Thursday, June 18, 2009

The Significance of 'Blood Relations'

I was listening to a podcast a bit ago when one of the guests said something about her "blood," meaning her family. Every time I hear people talk about their family or ethnic group as their blood, it makes me cringe.

As someone who was adopted, I can tell you unequivocally that blood does not mean a thing. There are plenty of biological parents out there who have not done anything for their children. There are plenty of lovers out there whose bond is stronger than the bonds they have with their biological family, whether they had lifelong relationships with that family or not.

And truly, it's a bit insensitive to speak in terms that make the relationship between this country's 1.6 million adopted children and their parents seem less connected and less real.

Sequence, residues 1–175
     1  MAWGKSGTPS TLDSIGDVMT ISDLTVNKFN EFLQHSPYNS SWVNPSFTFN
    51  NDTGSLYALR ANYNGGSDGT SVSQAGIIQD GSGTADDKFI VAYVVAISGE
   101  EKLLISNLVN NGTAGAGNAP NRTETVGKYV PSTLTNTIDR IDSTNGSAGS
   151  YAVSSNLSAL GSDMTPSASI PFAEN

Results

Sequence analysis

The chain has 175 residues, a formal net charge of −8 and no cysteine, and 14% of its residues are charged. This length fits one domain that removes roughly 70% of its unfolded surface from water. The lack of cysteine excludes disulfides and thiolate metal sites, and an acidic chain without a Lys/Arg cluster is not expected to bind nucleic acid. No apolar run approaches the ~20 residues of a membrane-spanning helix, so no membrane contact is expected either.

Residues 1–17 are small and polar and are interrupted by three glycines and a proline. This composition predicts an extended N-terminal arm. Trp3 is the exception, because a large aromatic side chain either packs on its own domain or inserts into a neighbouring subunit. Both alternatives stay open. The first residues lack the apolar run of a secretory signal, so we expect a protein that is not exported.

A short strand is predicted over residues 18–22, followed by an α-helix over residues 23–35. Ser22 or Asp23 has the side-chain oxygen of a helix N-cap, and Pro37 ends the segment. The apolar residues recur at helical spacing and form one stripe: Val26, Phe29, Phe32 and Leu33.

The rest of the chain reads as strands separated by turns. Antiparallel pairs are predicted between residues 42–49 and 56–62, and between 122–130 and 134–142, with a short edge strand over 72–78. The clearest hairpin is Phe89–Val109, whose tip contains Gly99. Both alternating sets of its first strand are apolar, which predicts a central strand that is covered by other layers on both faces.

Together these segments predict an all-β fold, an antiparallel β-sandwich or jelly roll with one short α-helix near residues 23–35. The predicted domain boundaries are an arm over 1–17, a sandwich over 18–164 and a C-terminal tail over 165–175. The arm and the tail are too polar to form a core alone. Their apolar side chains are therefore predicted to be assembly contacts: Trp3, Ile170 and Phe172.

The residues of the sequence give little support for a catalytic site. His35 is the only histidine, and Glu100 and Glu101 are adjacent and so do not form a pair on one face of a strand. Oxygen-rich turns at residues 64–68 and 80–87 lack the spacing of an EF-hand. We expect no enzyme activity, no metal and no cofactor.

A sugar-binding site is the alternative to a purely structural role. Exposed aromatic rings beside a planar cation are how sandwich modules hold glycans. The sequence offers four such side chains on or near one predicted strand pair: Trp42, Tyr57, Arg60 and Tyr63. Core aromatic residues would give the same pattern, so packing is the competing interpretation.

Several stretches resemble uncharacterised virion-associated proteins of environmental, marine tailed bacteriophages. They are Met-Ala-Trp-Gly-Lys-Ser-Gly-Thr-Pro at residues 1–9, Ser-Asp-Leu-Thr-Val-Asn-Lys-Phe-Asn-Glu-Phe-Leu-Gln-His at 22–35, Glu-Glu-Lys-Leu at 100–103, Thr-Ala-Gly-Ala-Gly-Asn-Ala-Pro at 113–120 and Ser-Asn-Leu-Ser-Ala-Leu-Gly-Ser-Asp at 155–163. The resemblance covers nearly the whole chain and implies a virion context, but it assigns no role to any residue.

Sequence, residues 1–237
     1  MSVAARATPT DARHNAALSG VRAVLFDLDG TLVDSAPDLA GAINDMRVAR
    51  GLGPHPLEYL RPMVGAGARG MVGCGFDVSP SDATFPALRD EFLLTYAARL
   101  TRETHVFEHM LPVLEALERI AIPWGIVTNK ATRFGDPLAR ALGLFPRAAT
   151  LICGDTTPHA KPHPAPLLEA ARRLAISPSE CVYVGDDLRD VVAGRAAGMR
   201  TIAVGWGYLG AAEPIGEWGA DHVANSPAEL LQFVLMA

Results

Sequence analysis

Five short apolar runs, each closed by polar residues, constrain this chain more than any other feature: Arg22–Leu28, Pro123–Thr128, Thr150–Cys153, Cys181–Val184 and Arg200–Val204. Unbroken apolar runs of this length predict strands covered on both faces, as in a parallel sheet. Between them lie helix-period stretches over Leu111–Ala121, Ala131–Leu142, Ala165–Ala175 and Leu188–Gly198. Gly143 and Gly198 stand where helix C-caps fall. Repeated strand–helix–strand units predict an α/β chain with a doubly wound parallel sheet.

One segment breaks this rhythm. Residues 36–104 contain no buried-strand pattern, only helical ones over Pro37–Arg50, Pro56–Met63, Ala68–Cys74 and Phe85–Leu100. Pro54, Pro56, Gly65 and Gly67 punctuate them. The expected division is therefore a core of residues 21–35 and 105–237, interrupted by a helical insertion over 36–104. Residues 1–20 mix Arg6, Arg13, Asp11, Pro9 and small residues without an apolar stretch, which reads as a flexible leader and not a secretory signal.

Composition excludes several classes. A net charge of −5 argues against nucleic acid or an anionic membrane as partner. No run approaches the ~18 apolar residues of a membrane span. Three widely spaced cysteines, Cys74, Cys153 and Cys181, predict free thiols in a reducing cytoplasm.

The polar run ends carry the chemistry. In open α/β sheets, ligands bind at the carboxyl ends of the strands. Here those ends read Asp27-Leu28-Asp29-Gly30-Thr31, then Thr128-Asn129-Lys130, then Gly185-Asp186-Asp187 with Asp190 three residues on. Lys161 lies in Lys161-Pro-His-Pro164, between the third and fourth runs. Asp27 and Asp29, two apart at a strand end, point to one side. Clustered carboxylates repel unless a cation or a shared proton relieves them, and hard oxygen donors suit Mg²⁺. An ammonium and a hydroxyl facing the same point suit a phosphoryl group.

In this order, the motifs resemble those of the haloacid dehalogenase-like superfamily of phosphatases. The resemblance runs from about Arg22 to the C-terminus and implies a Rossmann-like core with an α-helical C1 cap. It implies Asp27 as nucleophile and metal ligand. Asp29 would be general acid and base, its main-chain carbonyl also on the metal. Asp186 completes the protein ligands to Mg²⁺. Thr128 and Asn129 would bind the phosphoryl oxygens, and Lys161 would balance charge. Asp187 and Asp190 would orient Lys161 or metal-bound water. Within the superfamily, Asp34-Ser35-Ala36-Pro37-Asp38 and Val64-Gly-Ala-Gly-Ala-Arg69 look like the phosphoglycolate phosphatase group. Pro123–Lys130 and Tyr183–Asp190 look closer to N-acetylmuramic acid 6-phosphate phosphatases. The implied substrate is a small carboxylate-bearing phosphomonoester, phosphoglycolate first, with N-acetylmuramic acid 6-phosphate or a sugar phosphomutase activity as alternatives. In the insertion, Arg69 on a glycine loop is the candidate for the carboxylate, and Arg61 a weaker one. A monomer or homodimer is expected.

Another thing I find truly offensive about talk of "blood" is where the talk stems from. Using the word blood to refer to relationships started in the middle ages. Talk of blood was talk of inheritance, aristocracy, and hereditary privilege.

As Benedict Anderson points out in Imagined Communities, Europeans believed that a persons stature in life was related to their blood. They brought these ideas of aristocracy and supremacy to all the lands they colonized.

European ideas about blood continue to saturate the minds of people in this country. Many people still believe in the one-drop rule, the blood of an African being so powerful that the tiniest amount makes them black (and inferior).

And talk of blood to denote family is a culturally centric notion of family. Many cultures have defined family as only those connected through the mother. Some trace lineage by the father. In some groups, children belong to everyone.

I know there are people whose only close relationships are biologically related to them. So I can understand how they might believe biology is the source of that bond. But it would be nice if people took a step back and thought about what they are really saying.

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